Regardless, the official 24-Hour Comics Day is held the first week in October every year – this year, October 4. Nathan and I will be appearing at the Alternative Press Expo (APE) on the same weekend, hopefully with some 24HCD themed events, but will take the challenge at Mission Comics and Art in San Francisco which this year is holding 24HCD one week early.

So: that’s what’s going on. As many of you know, I have two novels sitting at the publisher – LIQUID FIRE and JEREMIAH WILLSTONE AND THE CLOCKWORK TIME MACHINE – but Debra Dixon is still reviewing them, so I’m hacking away at Dakota Frost Book 4, SPECTRAL IRON, and blissing out on comics while I wait for the edits to land.

-the Centaur

Answer Them on the Field

June 22nd, 2014

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I’m not a big sports fan – my favorite “sports” to participate in are martial arts, my favorite sports to watch are sumo and baseball (though I can watch football with my family in a pinch), and of the real sports I’ve played, I prefer basketball – perhaps that’s because it’s the only sport in which I’ve scored an official goal.

My entire basketball career consisted of two seasons of grade school play, which I only dimly recall. I wasn’t a dedicated player – I was in grade school, and hadn’t yet learned the value of practice – and in official games I only got on court a handful of times. Actually, I only remember being on court once, but that one time, I got the ball, and took a shot.

I don’t remember the outcome of that shot. We were playing, I got the ball, I was in position, I took the shot, the game continued, we all ran to the other side of the court. Reviewing that sequence of events later, it’s clear what happened – if you know the rules of basketball – but at the time I didn’t think about it. I was told later that I not only got the ball and took the shot, I scored a goal.

That amazes me to this day – I still don’t quite believe it, and if one of my old grade school buddies told me that the onlookers were mistaken, I wouldn’t be at all surprised. But the onlookers told me that I did score – and if it was my only shot in the only game I played in, I have the weird experience of my crappy basketball career having a field goal percentage of 100%.

But I did play other sports, notably soccer. So at some level I’ve got the tiniest sliver of interest in the game, which is perhaps why I picked up something from all the World Cup coverage going on – in particular, a story of a black athlete booed by fans in the stands, and his coach telling him to be strong, to show character, and as for the people who were his critics:

We will answer them on the field of play.

I love that sentiment. I took it to mean that there may be people who hate you for who you are, where you are from, or for other things about yourself you cannot change – but you should not answer those criticisms; instead you should focus on conducting yourself at the highest level in your chosen work, and let that performance speak for itself.

I did some digging, and apparently this is an old phrase – I found references to similar phraseology dating back to the late 1800s and early 1900s (back when the word “soccer” was still remembered as a contraction of “AsSOCiation Football”). The closest I could find to an exact quote was the following news article, which is not from the same event, but had the same idea:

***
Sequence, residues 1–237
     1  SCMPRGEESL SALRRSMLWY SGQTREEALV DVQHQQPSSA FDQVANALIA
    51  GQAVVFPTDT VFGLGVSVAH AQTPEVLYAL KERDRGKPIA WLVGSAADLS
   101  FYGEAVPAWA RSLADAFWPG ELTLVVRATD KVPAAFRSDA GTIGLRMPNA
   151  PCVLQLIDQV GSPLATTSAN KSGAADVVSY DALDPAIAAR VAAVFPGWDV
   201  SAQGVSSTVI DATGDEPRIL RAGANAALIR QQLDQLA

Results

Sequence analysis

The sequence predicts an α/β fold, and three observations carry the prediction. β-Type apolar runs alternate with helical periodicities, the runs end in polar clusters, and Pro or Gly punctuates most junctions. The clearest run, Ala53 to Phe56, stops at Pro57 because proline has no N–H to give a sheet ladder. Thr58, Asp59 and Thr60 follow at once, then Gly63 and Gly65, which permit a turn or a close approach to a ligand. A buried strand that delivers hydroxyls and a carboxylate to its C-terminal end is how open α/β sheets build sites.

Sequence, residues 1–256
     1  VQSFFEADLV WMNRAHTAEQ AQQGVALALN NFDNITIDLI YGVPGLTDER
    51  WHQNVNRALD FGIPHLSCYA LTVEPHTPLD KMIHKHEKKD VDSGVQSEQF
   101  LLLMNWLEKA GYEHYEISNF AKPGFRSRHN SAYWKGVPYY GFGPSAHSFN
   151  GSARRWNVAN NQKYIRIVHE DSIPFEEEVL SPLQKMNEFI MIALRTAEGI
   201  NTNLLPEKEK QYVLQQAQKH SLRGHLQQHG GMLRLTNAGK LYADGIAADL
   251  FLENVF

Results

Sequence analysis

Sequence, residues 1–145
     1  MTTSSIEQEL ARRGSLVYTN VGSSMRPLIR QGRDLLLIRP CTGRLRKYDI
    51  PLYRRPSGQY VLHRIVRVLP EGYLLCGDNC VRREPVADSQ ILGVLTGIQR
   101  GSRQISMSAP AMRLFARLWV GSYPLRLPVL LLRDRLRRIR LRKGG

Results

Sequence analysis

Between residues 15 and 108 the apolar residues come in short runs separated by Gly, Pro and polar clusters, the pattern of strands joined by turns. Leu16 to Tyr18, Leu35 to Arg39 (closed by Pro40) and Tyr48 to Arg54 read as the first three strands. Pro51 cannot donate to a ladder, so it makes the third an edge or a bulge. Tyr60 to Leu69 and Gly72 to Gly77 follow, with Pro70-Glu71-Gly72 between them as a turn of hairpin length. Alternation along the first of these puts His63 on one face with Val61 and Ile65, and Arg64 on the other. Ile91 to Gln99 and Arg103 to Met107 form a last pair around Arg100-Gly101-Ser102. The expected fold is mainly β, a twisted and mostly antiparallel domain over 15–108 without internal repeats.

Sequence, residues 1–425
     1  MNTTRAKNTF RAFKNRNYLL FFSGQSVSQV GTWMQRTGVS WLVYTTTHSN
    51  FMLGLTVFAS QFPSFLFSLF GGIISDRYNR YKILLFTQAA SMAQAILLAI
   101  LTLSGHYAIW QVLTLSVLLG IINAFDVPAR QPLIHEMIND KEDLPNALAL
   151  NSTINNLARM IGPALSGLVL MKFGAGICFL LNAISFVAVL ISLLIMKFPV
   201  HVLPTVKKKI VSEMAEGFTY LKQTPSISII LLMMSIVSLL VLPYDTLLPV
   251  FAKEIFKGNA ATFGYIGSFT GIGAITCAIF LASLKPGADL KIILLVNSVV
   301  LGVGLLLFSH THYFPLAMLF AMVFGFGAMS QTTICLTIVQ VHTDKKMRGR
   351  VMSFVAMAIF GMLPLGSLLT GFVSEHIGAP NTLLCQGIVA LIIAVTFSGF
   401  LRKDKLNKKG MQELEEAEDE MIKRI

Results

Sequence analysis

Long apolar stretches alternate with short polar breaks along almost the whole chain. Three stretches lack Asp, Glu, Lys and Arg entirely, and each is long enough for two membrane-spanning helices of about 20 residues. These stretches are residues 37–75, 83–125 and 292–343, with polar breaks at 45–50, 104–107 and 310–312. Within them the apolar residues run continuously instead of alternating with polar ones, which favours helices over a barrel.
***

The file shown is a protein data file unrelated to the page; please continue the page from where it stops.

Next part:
We have told the youngster to be strong because we know they (Bosso supporters) are going to boo him. I have told him that playing for Dynamos has always been associated with pressure. I have told him he will be against thousands of supporters and he cannot answer them all by reacting to what they will be saying from the stands. He should just answer them on the field of play. I have told him to be strong, to show character.

This matters for many reasons, but it’s particularly relevant to me because of the ideas of people who I care about – some of whom are quite willing to critique others based on features they cannot change, and others of whom have called into question the whole project of focusing on people’s important similarities, rather than their obvious differences.

Now, I could take on those criticisms directly, and one day I will – but for now, I’m not. I am willing to discuss ideas, but I don’t want to dispute someone’s ideas if I haven’t taken the time to express the ideas I have of my own. Regardless of the merits of their position, clearly a person who says what they think is doing a better job of communicating than the one who doesn’t.

It’s hard even to write this article, because there are things I want to communicate that are based on ideas I have that themselves need so much explanation that it would derail everything I’m writing to express them. So I’m going to continue to do what I said I was going to do earlier: rather than arguing, I’m going to be strong, to show character, and express my own ideas clearly.

It’s likely that I won’t have a 100% field goal percentage in this endeavor. I’m not the Hemingway type, willing to throw 99 pages in the wastebasket to get to that one good page – you can’t be a blogger with that attitude. Instead, I believe in working hard, trying frequently, getting your ideas out there, acknowledging your mistakes, learning from them, and moving forward.

As for my – as for our – critics, for the time being, we shall not even acknowledge them. That isn’t to say that their criticism isn’t important, nor is it even to imply that the criticism is wrong. It is instead to acknowledge that if someone has criticized your behavior, the answer is not to defend yourself – but to instead prove them wrong by example

We shall answer them on the field.

-the Centaur

Pictured: My good friend Nathan Vargas, showing us, his friends, a proof of his competence in his chosen field of play. This will all become much more clear later.